2. Assess patients with BDD and use of rating scales
3. Review efficacy of CBT in individual and group therapy
4. Review a cognitive behavioural model of BDD and develop a formulation
5. Engage a patient with BDD
6. Learn strategies for social anxiety, mirror gazing, skin-picking
7. Learn strategies for perfectionism and ideals about the importance of appearance.
8. Review pharmacotherapy guidelines for BDD.

These goals will be accomplished via lecture, videotapes and role-playing. Participants are encouraged to bring their own cases to role-play treatment.

Recommended Readings
Geremia, G., & Neziroglu, F. (2001). Cognitive Therapy in the treatment of body Dysmorphic disorder. Clinical Psychology and Psychotherapy, 8, 243-251.
Veale, D, Gournay, K, Dryden, W, Boocock, A. Body Dysmorphic Disorder: a cognitive behavioural model and a pilot randomised controlled trial. Behaviour, Research and Therapy, 1996; 34, 9:717-729.
Veale, D. Cognitive Behaviour Therapy for Body Dysmorphic Disorder. Advances in Psychiatric Treatment, 2001; 7: 125-132.
Yaryura-Tobias, J.A., & Neziroglu, F. (1997). Bio-behavioral treatment of obsessive-compulsive spectrum disorders. Boston:Norton.


Workshop 11

CBT for Traumatized Refugees and Asylum Seekers

Kerry Young, Traumatic Stress Clinic & UC, and
Nick Grey, Centre for Anxiety Disorders and Trauma, Maudsley Hospital, London

Who the workshop is aimed at (inc level of previous CBT experience required):
It should be suitable to clinicians of all levels, but some experience of both treating PTSD and working with asylum seekers and refugees would be advantageous. Familiarity of the general cognitive model and basic clinical skills are assumed.

The learning objectives:
Increasingly clinicians are working with asylum seekers and refugees who present with multiple psychological and social problems. Almost invariably these clients have faced one or, more usually, a number of traumatic events both in their country of origin and also the UK. There are relatively few guidelines as to how best to approach treatment and therapists sometimes have unhelpful beliefs of their own about the difficulty of working with such cases. This workshop will outline a possible treatment pathway for clinicians to follow. This includes the role of asylum status, housing, and developing / integrating into social networks. Specific cognitive behavioural strategies to address depressive and posttraumatic stress symptoms will be detailed, including discussion of when and how to best use reliving / exposure techniques. Direct comparisons will be made between using 'testimony' and cognitive-behaviour therapy. The workshop will also address the issue of working with interpreters / translators. The main message for clinicians to take away is that they have the basic skills to work with such cases and that with careful thought about the timing and particular application of interventions progress can be made.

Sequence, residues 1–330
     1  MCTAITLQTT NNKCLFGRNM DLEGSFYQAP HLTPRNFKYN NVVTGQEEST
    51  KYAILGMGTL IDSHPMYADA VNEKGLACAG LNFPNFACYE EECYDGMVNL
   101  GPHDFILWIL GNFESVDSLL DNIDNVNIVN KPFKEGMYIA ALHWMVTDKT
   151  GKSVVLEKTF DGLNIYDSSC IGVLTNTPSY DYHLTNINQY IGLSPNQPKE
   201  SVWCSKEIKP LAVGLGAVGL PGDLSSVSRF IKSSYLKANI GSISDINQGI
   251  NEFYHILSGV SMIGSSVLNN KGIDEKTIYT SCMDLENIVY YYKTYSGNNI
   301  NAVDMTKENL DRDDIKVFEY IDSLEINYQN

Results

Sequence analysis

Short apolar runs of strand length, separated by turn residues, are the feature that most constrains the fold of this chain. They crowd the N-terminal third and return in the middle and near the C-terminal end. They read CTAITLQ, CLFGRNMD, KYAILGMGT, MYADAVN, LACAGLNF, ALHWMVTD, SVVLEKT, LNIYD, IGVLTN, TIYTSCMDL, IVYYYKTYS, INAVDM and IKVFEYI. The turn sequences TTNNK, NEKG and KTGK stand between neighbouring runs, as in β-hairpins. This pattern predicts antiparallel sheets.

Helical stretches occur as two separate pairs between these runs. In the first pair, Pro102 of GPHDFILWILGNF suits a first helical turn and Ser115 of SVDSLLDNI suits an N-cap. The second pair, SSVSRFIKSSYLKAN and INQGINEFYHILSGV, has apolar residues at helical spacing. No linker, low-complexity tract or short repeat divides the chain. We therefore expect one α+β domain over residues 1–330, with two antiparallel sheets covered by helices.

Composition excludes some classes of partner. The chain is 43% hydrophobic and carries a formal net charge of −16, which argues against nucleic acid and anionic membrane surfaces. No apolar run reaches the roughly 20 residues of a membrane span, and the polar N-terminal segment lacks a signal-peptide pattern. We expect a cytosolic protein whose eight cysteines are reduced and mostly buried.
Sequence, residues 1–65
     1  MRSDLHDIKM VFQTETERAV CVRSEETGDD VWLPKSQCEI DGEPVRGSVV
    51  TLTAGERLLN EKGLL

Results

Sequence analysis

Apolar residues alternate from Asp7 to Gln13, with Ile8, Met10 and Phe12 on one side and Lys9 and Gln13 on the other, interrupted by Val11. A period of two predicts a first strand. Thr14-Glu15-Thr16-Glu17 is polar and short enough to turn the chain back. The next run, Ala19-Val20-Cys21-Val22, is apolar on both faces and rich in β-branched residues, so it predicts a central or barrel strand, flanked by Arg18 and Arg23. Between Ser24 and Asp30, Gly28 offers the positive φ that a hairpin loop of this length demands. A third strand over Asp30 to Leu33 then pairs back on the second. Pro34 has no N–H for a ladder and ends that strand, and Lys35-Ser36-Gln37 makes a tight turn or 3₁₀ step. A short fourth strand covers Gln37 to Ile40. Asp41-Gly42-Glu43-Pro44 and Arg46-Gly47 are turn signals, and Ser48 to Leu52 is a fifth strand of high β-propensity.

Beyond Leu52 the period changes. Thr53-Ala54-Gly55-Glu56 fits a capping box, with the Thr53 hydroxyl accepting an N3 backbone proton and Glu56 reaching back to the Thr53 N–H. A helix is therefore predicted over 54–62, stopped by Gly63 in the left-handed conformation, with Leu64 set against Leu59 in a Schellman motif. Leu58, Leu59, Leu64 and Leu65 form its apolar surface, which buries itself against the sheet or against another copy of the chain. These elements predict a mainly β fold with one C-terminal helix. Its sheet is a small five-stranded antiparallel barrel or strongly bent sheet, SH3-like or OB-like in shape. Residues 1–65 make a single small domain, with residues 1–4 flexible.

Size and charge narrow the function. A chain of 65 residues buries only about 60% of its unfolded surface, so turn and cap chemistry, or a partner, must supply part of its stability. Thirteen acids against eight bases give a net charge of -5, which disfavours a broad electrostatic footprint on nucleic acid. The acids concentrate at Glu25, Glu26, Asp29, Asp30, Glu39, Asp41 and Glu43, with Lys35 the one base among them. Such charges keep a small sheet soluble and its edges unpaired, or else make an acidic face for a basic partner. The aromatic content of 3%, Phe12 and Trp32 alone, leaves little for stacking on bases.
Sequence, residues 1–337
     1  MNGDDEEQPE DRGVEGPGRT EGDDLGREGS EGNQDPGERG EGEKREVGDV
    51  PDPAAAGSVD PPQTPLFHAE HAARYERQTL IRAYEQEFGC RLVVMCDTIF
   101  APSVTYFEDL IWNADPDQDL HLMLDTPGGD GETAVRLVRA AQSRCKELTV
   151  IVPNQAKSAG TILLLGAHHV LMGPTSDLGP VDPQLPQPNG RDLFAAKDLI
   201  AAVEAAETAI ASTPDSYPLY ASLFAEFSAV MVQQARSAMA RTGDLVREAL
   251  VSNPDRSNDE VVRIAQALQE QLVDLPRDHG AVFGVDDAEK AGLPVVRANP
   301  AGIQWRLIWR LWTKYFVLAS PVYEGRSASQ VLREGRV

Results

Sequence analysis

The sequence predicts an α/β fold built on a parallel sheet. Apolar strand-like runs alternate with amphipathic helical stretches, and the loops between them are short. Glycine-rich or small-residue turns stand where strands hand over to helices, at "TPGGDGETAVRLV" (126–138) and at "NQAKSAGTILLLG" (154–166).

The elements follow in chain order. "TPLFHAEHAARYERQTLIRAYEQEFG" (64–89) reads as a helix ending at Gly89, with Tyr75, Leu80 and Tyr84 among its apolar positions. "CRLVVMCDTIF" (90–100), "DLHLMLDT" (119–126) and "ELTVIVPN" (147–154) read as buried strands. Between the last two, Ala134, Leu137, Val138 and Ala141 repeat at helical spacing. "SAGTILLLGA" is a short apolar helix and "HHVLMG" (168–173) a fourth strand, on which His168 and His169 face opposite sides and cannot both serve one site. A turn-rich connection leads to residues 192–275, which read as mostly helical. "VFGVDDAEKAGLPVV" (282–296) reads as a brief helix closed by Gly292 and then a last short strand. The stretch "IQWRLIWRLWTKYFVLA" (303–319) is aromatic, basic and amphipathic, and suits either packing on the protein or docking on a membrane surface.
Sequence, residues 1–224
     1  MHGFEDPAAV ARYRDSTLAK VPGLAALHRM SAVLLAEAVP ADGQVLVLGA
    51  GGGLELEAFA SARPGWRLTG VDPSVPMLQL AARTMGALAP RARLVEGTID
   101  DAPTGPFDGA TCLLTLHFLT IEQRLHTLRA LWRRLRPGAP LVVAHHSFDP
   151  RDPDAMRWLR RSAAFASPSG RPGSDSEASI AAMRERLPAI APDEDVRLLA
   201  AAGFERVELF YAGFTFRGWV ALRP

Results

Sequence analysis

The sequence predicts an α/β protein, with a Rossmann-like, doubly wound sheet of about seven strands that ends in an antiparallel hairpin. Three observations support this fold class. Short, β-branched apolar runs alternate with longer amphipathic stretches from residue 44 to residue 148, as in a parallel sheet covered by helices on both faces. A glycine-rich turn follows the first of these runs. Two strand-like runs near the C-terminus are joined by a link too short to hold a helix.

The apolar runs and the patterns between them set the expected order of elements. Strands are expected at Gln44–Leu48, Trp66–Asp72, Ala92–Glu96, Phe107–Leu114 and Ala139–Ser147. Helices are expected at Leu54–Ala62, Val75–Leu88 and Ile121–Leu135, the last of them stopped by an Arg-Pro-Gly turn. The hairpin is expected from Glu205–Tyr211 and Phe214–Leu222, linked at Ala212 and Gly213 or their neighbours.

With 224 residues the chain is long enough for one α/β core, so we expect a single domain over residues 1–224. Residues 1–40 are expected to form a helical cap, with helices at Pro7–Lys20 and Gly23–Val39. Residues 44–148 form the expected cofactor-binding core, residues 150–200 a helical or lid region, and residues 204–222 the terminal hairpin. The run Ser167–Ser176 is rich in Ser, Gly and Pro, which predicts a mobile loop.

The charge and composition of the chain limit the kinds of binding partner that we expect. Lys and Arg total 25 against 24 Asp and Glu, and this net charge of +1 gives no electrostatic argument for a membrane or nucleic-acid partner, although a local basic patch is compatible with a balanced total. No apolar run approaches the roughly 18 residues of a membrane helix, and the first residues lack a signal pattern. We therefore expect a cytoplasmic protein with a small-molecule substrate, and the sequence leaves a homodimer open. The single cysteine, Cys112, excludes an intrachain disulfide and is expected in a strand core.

By the end of the workshop participants should:
· Have a greater understanding of psychological presentations, especially PTSD and Depression, within asylum seeker and refugee populations.
· Be able to plan a coherent treatment approach in difficult cases, including how and when to use reliving / exposure techniques.
· Feel more confident about working with such cases, including the use of interpreters.

Kerry Young, Traumatic Stress Clinic, Camden & Islington NHS Trust, & University College London, and Nick Grey, Centre for Anxiety Disorders and Trauma, Maudsley Hospital, & Institute of Psychiatry. Both presenters have worked for many years in specialist outpatient trauma services for adults including working with asylum seekers and refugees, particularly survivors of torture.

Recommended Readings
Basoglu, M. (Ed.) (1992). Torture and its Consequences: Current Treatment Approaches. Cambridge: Cambridge University Press.